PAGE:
Relevance of UNC shooting is drastically overstated

Relevance of UNC shooting is drastically overstated
(AP Photo/Philip Kamrass, File)

The UNC shooting was going to garner headlines. After all, you have a major university go on lockdown due to what was said to be an active shooter. That’s going to gather attention.


Yet as things died down, we learned more about what happened. It wasn’t a mass shooting where one or two people wanted to kill as many as possible. It was a student who had a beef with his advisor for some reason and used a gun to settle the score.

It’s still an issue and something we should be examining to some degree as a society, but it wasn’t anything more than literally any other homicide, the majority of which go unreported by most in the media.

Yet I keep coming across pieces that are latching onto the UNC shooting as if that really tells us anything.

For example, let’s start with this one:

On Aug. 28, the University of North Carolina changed forever. Graduate student Tailei Qi murdered Zijie Yan in a science building on campus. The fact that some have already forgotten about this tragedy or didn’t hear about it at all speaks volumes about the state of our country. Gun violence is all around us, and we must stop being desensitized to it.

Or, and here me out here, they put it behind them because they realized that North Carolina isn’t a campus carry state, which means Qi couldn’t lawfully have a gun there in the first place, so if that gun control measure failed, what actually would have helped?

Let’s also not forget that the shooting was between two actual mass shootings, one of which never got national media attention of any appreciable sort, mostly because it failed to advance the narrative.


Oh, but this isn’t the only such example from just the last day.

I also came across this op-ed that flows in a similar vein.

The minds of the right’s true believers seem impervious to tragedy. This week’s brutal violation of social peace at UNC has not shaken the conservative commitment to maximal gun rights, despite a death on campus and a wave of trauma devastating the university and the state. These people have proven to be extremely stubborn in their insistence on defending gun ownership from gun safety, and Americans who wish to change this rotten dynamic must appreciate the deep sources of conservative intransigence if they are to save the lives of future generations.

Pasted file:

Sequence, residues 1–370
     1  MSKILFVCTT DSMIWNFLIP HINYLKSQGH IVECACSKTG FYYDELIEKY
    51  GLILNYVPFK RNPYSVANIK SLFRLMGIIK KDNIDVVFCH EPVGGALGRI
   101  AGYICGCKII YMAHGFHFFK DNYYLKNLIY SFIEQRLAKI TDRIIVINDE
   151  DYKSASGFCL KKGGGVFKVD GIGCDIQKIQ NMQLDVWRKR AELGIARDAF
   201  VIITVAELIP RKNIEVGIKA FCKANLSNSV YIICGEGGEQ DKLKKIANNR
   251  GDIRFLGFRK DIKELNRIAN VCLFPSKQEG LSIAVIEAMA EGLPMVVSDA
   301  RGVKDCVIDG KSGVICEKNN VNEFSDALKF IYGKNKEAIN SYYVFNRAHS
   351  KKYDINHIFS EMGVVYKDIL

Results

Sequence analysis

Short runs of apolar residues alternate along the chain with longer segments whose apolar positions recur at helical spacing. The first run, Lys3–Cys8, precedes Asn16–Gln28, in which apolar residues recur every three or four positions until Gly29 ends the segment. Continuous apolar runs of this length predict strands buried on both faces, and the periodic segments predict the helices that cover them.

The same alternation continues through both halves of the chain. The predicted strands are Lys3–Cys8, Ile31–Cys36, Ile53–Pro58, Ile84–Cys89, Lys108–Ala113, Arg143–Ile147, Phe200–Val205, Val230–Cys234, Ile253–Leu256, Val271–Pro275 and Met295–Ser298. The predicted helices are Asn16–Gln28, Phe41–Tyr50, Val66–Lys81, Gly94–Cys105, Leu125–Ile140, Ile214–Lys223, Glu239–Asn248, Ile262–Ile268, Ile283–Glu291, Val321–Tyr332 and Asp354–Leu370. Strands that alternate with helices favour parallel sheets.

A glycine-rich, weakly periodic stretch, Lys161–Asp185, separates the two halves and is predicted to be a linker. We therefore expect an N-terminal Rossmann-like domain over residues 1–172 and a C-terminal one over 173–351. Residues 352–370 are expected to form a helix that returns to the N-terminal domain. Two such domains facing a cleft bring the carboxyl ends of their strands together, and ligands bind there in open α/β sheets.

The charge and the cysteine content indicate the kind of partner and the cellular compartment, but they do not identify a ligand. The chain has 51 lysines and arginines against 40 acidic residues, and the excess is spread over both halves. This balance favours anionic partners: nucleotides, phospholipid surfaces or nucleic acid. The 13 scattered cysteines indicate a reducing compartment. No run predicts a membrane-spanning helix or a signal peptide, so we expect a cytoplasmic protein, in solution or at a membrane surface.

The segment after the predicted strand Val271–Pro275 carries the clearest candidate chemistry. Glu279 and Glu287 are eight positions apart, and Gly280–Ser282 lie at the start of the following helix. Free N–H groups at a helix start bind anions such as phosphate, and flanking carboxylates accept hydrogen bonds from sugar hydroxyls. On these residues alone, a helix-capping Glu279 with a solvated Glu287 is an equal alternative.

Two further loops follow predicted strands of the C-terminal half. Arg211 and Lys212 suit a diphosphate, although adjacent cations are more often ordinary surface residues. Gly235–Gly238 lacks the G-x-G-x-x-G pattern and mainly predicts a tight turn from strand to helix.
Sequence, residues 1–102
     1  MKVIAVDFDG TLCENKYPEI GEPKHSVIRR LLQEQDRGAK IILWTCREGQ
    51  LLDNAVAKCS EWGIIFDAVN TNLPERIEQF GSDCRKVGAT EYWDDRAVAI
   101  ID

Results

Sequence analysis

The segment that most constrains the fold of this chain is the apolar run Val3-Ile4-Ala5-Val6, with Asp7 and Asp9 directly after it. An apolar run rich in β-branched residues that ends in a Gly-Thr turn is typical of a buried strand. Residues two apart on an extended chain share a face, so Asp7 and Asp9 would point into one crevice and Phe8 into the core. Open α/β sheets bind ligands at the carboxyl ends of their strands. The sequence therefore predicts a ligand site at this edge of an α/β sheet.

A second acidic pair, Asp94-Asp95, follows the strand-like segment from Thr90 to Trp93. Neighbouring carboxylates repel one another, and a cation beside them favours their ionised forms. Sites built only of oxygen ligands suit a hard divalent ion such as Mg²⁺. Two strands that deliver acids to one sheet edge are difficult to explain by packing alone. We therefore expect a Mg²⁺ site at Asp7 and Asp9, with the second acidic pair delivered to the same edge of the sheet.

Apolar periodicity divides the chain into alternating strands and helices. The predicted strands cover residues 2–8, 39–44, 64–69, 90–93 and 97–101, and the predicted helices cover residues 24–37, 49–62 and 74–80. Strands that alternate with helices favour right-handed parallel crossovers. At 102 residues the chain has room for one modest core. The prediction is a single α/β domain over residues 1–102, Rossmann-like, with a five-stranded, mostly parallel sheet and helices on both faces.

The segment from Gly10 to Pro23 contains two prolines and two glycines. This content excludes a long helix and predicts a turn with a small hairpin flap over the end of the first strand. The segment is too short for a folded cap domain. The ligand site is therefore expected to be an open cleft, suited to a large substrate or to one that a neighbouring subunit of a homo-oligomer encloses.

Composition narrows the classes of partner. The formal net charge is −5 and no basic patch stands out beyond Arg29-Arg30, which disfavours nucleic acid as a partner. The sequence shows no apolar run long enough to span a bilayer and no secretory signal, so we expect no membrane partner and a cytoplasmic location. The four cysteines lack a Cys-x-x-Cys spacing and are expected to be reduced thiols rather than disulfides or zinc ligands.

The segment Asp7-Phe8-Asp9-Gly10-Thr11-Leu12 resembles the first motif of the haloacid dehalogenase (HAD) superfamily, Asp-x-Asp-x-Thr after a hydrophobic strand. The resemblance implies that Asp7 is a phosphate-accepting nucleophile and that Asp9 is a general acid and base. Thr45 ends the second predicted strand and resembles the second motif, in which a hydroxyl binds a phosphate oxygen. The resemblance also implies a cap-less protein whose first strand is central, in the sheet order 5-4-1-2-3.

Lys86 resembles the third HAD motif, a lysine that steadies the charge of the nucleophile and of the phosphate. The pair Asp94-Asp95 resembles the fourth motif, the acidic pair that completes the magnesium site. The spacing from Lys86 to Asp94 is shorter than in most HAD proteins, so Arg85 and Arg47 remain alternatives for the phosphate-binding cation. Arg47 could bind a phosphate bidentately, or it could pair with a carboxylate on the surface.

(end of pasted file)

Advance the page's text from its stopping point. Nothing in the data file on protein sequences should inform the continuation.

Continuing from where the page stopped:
My question to this author is, why would the UNC shooting somehow make us change our belief over guns in any situation?

Again, there were two mass shootings within a seven-day span that included this tragedy, all of which actually combine to make one thing perfectly clear: There is no gun control answer to stopping so-called gun violence.

The UNC shooting took place in a gun-free zone, for one thing, and every single op-ed trying to capitalize on this incident that I’ve come across has ignored that fact. They also don’t seem to have any questions about whether the firearm was legally obtained. After all, due to his immigration status, he may not have been able to legally buy a firearm.


Nor is there any mention of the fact that the professor was legally disarmed, meaning he had no way to defend himself when his murderer arrived. We don’t know if he’d have been armed if campus carry were legal in North Carolina, granted, but we do know he never had the choice.

All of that gets ignored and instead, people make a big deal over this having happened on a college campus.

I hate to break it to them but had this happened in the professor’s home, most of them would never have given two craps about it. They wouldn’t be writing op-eds and lamenting the lack of gun control, using the body of a murdered professor as a soapbox.

What’s more, everyone knows it.

The relevance of this murder to the national discourse of gun control is non-existent, especially as reasons why we should restrict guns, considering that after a deeper look, it’s clear that gun control may well have been the problem in the UNC shooting.

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